India ends chill, calls Pakistan to talks
India has proposed foreign secretary-level talks with Pakistan, signalling the resumption of a dialogue that stalled after the 26/11 Mumbai attacks. This is being seen as Government's most important foreign policy initiative, reports Jayanth Jacob.Indian guided 26/11 attackers: PC | Coming arounddelhi Updated: Feb 05, 2010 01:28 IST
India has proposed foreign secretary-level talks with Pakistan, signalling the resumption of a dialogue that stalled after the 26/11 Mumbai attacks. This is being seen as UPA II’s most important foreign policy initiative.
With Prime Minister Manmohan Singh again deciding to go the extra mile and Shivshankar Menon, a tested Pakistan hand who shares Singh’s views on dialogue, as national security advisor, highly placed government sources said: “India will enter discussions with an open as well as positive mind.”
It is reliably learnt that New Delhi sought a “mutually convenient” date for the talks with Pakistan. The dates are“being scheduled” and India is looking at a time period before the SAARC summit in Bhutan in the last week of April.
“We will raise all relevant issues from our side. The issue of counter- terrorism will be there, as addressing it will create an atmosphere of peace and stability in the region,” the sources said.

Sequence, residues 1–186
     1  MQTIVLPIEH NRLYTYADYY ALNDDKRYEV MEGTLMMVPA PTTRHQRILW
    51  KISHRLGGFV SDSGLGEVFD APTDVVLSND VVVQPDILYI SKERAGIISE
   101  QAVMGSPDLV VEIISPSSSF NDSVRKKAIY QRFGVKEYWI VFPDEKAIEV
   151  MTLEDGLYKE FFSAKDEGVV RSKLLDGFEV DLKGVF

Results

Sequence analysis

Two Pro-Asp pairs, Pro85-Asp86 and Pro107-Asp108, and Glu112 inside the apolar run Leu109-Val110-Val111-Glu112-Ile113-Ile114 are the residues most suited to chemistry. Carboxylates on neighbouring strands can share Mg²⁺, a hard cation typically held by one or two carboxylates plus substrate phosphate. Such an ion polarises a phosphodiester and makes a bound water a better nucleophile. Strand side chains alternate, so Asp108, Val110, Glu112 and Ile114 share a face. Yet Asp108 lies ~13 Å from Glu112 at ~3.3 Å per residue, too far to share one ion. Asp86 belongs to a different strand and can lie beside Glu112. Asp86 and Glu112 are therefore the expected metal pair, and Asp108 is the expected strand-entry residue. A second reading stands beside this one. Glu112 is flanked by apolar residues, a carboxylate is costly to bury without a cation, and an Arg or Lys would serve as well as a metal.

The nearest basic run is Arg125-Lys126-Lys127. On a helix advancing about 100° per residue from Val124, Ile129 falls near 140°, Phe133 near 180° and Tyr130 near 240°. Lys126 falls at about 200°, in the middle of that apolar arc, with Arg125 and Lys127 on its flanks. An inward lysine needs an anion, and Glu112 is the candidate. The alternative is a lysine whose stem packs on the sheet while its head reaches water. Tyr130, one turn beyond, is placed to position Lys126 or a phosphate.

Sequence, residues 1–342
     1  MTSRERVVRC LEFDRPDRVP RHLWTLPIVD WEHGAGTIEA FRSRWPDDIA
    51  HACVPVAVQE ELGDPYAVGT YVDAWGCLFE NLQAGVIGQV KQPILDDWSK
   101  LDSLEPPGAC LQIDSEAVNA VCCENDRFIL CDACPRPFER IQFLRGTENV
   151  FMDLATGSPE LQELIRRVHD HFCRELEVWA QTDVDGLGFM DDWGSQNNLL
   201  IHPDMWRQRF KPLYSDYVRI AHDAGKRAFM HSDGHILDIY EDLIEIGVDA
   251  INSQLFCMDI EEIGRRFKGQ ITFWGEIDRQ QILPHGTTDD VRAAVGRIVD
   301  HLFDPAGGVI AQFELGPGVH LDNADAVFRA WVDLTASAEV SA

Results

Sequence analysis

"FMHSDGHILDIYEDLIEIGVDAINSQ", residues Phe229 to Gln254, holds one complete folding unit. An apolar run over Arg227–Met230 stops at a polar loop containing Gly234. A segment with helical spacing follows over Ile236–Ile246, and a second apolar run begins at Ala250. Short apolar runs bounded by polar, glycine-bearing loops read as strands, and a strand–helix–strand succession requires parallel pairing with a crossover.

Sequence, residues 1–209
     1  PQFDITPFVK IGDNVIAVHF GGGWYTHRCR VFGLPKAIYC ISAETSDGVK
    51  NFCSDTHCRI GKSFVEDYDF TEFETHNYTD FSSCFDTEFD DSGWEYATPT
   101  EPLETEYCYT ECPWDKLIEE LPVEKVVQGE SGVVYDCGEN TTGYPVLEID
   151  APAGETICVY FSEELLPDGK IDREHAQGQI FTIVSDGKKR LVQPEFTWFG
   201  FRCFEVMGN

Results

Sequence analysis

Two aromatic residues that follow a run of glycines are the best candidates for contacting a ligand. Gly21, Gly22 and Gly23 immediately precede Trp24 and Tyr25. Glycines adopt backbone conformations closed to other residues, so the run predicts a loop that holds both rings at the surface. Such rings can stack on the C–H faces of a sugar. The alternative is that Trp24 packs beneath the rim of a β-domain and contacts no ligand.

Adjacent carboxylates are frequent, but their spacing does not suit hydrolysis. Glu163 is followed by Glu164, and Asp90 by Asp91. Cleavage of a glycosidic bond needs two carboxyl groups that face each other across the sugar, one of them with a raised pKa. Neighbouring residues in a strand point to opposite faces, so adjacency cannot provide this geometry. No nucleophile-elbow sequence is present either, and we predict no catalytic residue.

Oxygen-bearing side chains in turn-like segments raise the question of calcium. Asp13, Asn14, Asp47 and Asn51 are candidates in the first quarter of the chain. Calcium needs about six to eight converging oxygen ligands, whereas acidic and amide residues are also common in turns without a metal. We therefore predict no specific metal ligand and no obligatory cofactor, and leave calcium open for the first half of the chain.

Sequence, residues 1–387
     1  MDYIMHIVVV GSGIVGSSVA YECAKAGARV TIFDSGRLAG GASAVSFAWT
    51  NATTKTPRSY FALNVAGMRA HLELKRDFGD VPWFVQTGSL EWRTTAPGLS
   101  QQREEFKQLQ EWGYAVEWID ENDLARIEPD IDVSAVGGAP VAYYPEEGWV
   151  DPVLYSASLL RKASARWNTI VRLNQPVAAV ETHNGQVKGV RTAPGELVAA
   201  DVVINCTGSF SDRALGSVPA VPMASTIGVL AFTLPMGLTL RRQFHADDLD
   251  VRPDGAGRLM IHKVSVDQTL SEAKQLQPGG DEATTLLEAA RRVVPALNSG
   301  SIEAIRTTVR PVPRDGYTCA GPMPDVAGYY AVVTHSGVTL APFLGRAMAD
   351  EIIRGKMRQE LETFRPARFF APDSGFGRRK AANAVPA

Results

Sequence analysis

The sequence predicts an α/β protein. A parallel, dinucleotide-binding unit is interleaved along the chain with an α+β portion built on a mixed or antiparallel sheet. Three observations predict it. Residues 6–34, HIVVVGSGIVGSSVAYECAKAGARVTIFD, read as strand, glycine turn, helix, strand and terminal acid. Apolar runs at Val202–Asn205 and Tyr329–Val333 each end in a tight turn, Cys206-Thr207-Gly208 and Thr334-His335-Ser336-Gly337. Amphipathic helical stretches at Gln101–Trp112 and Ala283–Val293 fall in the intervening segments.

In Pakistan, Foreign Minister Shah Mahmood Qureshi welcomed the “positive step”. Bilateral talks should start from where they had been put on hold by India following the Mumbai attacks, he said.
Qureshi didn’t confirm any dates for the resumption of talks, but said he had sought details from Delhi about it.
In Delhi, the main opposition party, the BJP, said India had halted dialogue demanding credible action by Pakistan against the terrorist infrastructure there. “Pakistan has done nothing. What has suddenly happened to change the consistent policy of the government?” asked party spokesman Prakash Javadekar.
Though India had called off the composite dialogue with Pakistan in the wake of 26/11, signs that the no-dialogue policy had run its course have been visible over the past several weeks. External Affairs Minister S.M. Krishna had said in an exclusive interview to HT on January 20 that earnest investigations against the perpetrators of 26/11 would be sufficient grounds for resumption of dialogue, watering down a tougher position that they should dismantle the terrorist infrastructure and arrest Lashkar-e-Tayyeba founder Hafeez Saeed.
Government sources described the Pakistani government’s presenting evidence before an anti-terror court against LeT operations chief Zakiur Rehman Lakhvi and six others on January 30 as a “welcome step”.
Home Minister P. Chidambram will be attending the SAARC home ministers meeting in Pakistan from February 26 to 28 — the first ministerial visit to Pakistan since May 2008.
Sources say M.K. Narayanan’s scepticism about a renewed dialogue was one of the reasons for his replacement with Menon.
Singh is determined to launch a dialogue for a number of reasons. One, a belief that Pakistan’s instability represents the greatest external threat to India’s economic rise and therefore, seeking some sort of settlement is worth a gamble.
The other is a view that unlike the previous Bush administration, the present US government will be unable to influence Pakistan much, and therefore India needs to launch its own bilateral engagement.